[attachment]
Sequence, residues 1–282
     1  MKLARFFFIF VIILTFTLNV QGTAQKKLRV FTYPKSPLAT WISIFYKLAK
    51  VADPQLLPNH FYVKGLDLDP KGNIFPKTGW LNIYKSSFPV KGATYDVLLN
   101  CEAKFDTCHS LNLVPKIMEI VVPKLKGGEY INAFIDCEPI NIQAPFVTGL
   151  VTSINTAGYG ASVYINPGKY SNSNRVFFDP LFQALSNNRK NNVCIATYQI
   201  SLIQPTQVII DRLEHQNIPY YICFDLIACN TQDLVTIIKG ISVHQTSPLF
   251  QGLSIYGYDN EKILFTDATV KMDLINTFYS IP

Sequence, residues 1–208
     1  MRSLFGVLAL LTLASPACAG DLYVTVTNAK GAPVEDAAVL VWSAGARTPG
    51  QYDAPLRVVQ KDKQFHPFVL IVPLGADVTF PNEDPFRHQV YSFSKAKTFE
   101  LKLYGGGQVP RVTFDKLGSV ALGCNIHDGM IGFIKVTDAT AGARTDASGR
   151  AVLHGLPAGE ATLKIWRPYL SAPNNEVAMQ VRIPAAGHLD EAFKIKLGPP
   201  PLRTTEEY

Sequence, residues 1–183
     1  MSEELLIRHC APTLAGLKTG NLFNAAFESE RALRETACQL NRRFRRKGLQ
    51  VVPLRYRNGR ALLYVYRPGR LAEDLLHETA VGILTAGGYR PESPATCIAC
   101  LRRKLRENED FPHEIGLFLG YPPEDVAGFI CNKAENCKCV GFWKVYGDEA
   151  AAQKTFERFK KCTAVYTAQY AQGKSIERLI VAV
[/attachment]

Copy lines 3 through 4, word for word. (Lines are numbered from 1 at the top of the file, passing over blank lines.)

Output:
    51  VADPQLLPNH FYVKGLDLDP KGNIFPKTGW LNIYKSSFPV KGATYDVLLN
   101  CEAKFDTCHS LNLVPKIMEI VVPKLKGGEY INAFIDCEPI NIQAPFVTGL